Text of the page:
Daniel D. Pinschewer, Mar Perez, Eswaraka Jeetendra, Thomas Bächi, Edit Horvath, Hans Hengartner, Michael A. Whitt, Juan Carlos de la Torre, Rolf M. Zinkernagel
Subspecies of Trypanosoma brucei cause severe brain diseases after penetration of the blood-brain barrier. We investigated whether cytokines that modulate inflammatory cell infiltration into the brain also influence T. brucei neuroinvasion. Migration of a rodent pathogenic T. brucei strain from the cerebral blood vessels into the brain parenchyma was impeded in IFN-γ–/–, IFN-γ receptor–/– (IFN-γR–/–), IL-12p40–/–, and recombinant activating gene–1–/– (RAG-1–/–) mice as compared with their WT littermates despite higher levels of parasitemia in the mutant strains. Parasites accumulated in the perivascular compartment, confined between the endothelial and the parenchymal basement membranes, in certain areas of the brains of IFN-γ–/–, IFN-γR–/–, and RAG-1–/– mice. This accumulation occurred around endothelial basement membranes containing the laminin α4 chain, while blood vessels showing robust laminin α5 chain immunostaining were not associated with parasite infiltration. The number of CD4+ and CD8+ T cells infiltrating the brain parenchyma was also reduced in the IFN-γ–/– and IFN-γR–/– mice. Our findings suggest that lymphocyte-derived IFN-γ facilitates trypanosome penetration across cerebral blood vessels and that the site of penetration is determined by the composition of the basement membranes of these vessels.
Willias Masocha, Brita Robertson, Martin E. Rottenberg, Jama Mhlanga, Lydia Sorokin, Krister Kristensson
The high incidence of hepatitis C virus (HCV) persistence raises the question of how HCV interferes with host immune responses. Studying a single-source HCV outbreak, we identified an HCV mutation that impaired correct carboxyterminal cleavage of an immunodominant HLA-A2–restricted CD8 cell epitope that is frequently recognized by recovered patients. The mutation, a conservative HCV nonstructural protein 3 (NS3) tyrosine to phenylalanine substitution, was absent in 54 clones of the infectious source, but present in 15/21 (71%) HLA-A2–positive and in 11/24 (46%) HLA-A2–negative patients with chronic hepatitis C. In order to analyze whether the mutation affected the processing of the HLA-A2–restricted CD8 cell epitope, mutant and wild-type NS3 polypeptides were digested in vitro with 20S constitutive proteasomes and with immunoproteasomes. The presence of the mutation resulted in impaired carboxyterminal cleavage of the epitope. In order to analyze whether impaired epitope processing affected T cell priming in vivo, HLA-A2–transgenic mice were infected with vaccinia viruses encoding either wild-type or mutant HCV NS3. The mutant induced fewer epitope-specific, IFN-γ;–producing and fewer tetramer+ cells than the wild type. These data demonstrate how a conservative mutation in the flanking region of an HCV epitope impairs the induction of epitope-specific CD8+ T cells and reveal a mechanism that may contribute to viral sequence evolution in infected patients.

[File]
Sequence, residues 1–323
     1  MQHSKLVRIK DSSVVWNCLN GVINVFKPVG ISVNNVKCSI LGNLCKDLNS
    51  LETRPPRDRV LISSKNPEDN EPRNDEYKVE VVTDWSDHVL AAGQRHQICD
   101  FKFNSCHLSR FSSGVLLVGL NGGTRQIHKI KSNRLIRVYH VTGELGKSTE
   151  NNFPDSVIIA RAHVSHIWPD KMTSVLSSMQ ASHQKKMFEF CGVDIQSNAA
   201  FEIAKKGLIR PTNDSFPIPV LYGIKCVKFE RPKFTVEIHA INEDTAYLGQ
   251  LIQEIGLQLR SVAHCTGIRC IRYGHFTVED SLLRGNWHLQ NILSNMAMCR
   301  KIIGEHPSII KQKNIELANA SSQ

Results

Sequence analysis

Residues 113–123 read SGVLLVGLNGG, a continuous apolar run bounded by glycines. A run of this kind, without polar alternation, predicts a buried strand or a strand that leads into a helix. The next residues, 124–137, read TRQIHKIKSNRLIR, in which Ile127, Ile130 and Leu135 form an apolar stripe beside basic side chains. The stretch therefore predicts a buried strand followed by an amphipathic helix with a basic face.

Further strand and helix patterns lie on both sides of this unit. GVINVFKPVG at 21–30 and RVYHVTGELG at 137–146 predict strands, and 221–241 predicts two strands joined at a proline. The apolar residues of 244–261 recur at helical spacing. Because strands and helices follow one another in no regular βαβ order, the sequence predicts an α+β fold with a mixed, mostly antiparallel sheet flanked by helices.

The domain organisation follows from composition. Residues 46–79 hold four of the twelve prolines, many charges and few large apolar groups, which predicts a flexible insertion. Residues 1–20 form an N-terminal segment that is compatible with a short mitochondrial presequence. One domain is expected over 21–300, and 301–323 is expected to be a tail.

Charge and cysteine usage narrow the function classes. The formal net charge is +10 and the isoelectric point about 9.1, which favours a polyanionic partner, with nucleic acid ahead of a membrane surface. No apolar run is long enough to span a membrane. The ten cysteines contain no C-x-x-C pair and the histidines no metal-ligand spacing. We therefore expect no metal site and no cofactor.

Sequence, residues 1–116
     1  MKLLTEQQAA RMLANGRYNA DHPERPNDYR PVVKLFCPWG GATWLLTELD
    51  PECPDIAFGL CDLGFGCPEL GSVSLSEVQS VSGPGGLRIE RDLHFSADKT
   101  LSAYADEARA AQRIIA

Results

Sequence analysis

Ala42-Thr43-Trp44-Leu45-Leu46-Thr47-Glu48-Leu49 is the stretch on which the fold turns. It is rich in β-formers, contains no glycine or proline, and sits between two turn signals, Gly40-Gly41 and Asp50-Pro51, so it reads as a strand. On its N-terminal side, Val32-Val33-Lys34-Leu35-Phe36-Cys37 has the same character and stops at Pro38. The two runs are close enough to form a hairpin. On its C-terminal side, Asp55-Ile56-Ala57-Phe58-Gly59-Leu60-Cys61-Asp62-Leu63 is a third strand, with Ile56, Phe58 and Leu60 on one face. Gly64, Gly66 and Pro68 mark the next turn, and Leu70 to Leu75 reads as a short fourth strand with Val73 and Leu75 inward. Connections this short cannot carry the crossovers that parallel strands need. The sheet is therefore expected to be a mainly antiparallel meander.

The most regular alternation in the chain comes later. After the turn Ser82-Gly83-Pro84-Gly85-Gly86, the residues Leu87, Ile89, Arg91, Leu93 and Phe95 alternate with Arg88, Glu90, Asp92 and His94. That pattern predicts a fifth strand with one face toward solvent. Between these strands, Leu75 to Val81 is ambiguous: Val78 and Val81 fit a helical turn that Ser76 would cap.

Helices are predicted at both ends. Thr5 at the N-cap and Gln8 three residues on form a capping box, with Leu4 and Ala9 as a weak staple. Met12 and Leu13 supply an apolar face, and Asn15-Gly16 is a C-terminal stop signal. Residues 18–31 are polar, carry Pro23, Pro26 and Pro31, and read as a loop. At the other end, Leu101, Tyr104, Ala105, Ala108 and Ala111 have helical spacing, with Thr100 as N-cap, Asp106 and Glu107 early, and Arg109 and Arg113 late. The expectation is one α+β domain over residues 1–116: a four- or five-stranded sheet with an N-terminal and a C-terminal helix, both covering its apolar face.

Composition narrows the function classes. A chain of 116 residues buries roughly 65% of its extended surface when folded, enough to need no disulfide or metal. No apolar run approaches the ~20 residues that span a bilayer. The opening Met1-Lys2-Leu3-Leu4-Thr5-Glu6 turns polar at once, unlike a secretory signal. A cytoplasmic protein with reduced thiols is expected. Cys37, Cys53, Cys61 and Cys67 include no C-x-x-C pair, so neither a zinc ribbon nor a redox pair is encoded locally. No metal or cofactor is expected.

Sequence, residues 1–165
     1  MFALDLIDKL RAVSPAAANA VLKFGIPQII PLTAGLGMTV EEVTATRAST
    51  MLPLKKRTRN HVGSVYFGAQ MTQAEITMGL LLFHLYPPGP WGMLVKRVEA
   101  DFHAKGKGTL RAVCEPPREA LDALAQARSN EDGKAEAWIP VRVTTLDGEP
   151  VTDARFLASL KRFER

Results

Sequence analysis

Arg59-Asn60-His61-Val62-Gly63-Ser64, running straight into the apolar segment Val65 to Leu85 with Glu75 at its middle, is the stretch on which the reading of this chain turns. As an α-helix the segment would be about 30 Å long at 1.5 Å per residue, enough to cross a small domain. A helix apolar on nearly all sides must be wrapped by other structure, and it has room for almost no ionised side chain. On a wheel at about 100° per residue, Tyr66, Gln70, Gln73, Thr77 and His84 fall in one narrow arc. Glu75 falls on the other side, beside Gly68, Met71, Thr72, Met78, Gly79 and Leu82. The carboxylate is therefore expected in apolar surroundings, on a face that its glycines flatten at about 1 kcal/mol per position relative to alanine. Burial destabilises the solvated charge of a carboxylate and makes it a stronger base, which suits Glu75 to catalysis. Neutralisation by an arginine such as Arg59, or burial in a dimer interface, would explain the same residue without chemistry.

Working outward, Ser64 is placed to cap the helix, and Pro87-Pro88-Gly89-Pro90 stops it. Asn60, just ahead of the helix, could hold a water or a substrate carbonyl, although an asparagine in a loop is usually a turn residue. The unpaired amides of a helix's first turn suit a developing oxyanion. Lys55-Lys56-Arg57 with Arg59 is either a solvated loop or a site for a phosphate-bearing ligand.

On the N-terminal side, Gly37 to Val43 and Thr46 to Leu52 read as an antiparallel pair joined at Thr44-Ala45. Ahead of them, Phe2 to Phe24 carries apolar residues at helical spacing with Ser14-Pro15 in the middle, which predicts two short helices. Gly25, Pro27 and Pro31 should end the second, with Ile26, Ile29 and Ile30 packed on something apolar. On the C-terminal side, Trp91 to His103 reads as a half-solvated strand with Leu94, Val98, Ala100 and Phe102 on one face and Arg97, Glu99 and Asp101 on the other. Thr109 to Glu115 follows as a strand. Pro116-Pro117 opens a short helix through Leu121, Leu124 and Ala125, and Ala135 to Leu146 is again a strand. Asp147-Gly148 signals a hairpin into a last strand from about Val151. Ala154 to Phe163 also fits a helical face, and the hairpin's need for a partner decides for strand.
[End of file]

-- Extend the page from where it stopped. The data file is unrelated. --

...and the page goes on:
Ulrike Seifert, Heike Liermann, Vito Racanelli, Anne Halenius, Manfred Wiese, Heiner Wedemeyer, Thomas Ruppert, Kay Rispeter, Peter Henklein, Alice Sijts, Hartmut Hengel, Peter-M. Kloetzel, Barbara Rehermann